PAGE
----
The best Sony camera for vlogging that we've tested is the Sony ZV-1. This compact camera is designed specifically for vloggers, with a compact, lightweight design that's easy to carry around handheld for long periods. Its remarkably effective autofocus system features a 'Product Showcase' function that can quickly switch focus from subject faces to inanimate objects within the frame and back again. The 'Background Defocus' system instantly adjusts the lens aperture, allowing for quick transitions between a deep and shallow depth of field. All of that said, we don't currently test these functions. It features a bright, sharp, fully articulated touchscreen that can rotate to face you even when the camera is in a selfie position. The camera does a fantastic job of smoothing out camera shake, which is good if you plan on vlogging without using a tripod or a gimbal. The camera offers Bluetooth and Wi-Fi connectivity, allowing you to pair it with your smartphone or share content with other devices. There's even a windsock for its built-in mic to minimize wind noise, though we don't currently test its efficacy.
Unfortunately, videos recorded in dark environments might exhibit a noticeable degree of visual noise. The rolling shutter effect is also somewhat apparent, which could distort moving subjects as you pan from side to side. It can only record 4k video at a maximum of 30 fps with a 1.12x crop, and it can overheat during longer recording sessions; however, this is influenced by environmental factors. While you can use the camera as it charges over USB, its single-charge battery life isn't especially impressive, though that can vary heavily depending on your usage habits. That said, its compact size and diverse feature set make it one of the best cameras for YouTube that we've tested.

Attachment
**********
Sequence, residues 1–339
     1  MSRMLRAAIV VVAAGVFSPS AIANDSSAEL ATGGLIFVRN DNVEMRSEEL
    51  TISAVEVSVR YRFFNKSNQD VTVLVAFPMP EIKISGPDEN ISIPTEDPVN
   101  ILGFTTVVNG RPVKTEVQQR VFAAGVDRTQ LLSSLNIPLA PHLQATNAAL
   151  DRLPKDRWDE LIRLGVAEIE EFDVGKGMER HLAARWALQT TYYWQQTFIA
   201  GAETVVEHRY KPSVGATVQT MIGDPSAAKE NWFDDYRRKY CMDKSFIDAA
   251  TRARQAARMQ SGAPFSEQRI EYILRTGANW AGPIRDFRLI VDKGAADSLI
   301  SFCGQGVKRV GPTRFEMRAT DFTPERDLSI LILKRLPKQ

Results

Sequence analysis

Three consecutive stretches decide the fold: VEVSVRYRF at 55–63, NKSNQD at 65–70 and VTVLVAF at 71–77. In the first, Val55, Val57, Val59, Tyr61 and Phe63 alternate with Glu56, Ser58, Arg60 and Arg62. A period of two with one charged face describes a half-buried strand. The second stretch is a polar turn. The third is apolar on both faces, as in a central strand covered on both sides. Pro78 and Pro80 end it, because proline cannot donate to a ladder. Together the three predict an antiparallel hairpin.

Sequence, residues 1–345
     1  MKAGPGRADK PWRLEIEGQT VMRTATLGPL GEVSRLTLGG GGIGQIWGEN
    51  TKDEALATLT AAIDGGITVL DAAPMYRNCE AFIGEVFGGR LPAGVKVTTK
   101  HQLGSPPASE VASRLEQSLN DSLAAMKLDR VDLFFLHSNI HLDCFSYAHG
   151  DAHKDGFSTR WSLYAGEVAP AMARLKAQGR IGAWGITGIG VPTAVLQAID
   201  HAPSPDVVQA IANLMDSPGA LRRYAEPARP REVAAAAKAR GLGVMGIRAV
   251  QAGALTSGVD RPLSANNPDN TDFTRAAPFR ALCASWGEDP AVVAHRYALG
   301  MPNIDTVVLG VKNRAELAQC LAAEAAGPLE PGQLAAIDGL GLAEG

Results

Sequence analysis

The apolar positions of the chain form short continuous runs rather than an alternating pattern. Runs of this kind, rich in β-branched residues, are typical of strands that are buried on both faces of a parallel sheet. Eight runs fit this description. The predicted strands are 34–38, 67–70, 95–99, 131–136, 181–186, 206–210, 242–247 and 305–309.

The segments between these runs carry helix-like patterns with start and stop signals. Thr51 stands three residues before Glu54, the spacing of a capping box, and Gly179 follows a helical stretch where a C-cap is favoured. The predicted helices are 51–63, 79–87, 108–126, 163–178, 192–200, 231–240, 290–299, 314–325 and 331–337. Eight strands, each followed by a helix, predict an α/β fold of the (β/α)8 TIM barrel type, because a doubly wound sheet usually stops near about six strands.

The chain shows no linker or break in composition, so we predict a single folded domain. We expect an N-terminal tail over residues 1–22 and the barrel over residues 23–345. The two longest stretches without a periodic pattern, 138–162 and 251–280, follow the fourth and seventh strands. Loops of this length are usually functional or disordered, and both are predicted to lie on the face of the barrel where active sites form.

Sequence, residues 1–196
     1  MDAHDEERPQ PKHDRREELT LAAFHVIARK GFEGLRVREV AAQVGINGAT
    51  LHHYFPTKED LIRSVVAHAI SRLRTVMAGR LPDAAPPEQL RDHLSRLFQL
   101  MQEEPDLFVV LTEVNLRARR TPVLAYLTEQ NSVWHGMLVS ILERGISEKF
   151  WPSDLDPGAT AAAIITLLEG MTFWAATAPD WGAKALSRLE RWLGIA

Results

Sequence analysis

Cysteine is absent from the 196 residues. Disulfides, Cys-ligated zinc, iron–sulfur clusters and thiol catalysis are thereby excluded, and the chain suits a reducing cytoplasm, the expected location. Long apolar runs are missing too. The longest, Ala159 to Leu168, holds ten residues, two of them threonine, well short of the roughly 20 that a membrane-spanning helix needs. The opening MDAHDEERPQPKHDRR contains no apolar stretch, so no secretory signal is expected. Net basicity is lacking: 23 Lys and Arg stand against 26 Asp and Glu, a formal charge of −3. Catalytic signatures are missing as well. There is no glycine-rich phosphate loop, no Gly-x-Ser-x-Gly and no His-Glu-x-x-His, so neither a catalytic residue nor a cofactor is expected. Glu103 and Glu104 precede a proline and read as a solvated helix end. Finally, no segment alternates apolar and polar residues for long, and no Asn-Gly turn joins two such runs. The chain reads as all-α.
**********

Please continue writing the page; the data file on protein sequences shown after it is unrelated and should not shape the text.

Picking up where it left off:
Generally speaking, Sony cameras offer highly effective autofocus systems that do an amazing job of tracking moving subjects. Most of their camera lineup offers excellent image quality, even when shooting in dark environments at a moderately high ISO level. Compared to their peers, they also tend to be fairly portable, thanks to their smaller size. However, their menu systems can be somewhat unintuitive, especially next to rivals like Canon or Nikon. That also isn't helped by their sometimes limited touchscreen functionality. Also, while several models have relatively fast continuous shooting speeds, most take a long time to empty their photo buffer, leading to extended interruptions in your shooting sessions.
Sony sells a wide variety of cameras to suit different consumers.
Mirrorless E-mount Cameras
DSLR A-mount Cameras
Sony is a Japanese multinational company specializing in a wide variety of technology, from headphones to televisions. Their cameras tend to have quick, reliable, and consistent autofocus systems. They're also usually smaller than alternatives from other manufacturers. However, the menu systems can be somewhat hard to navigate.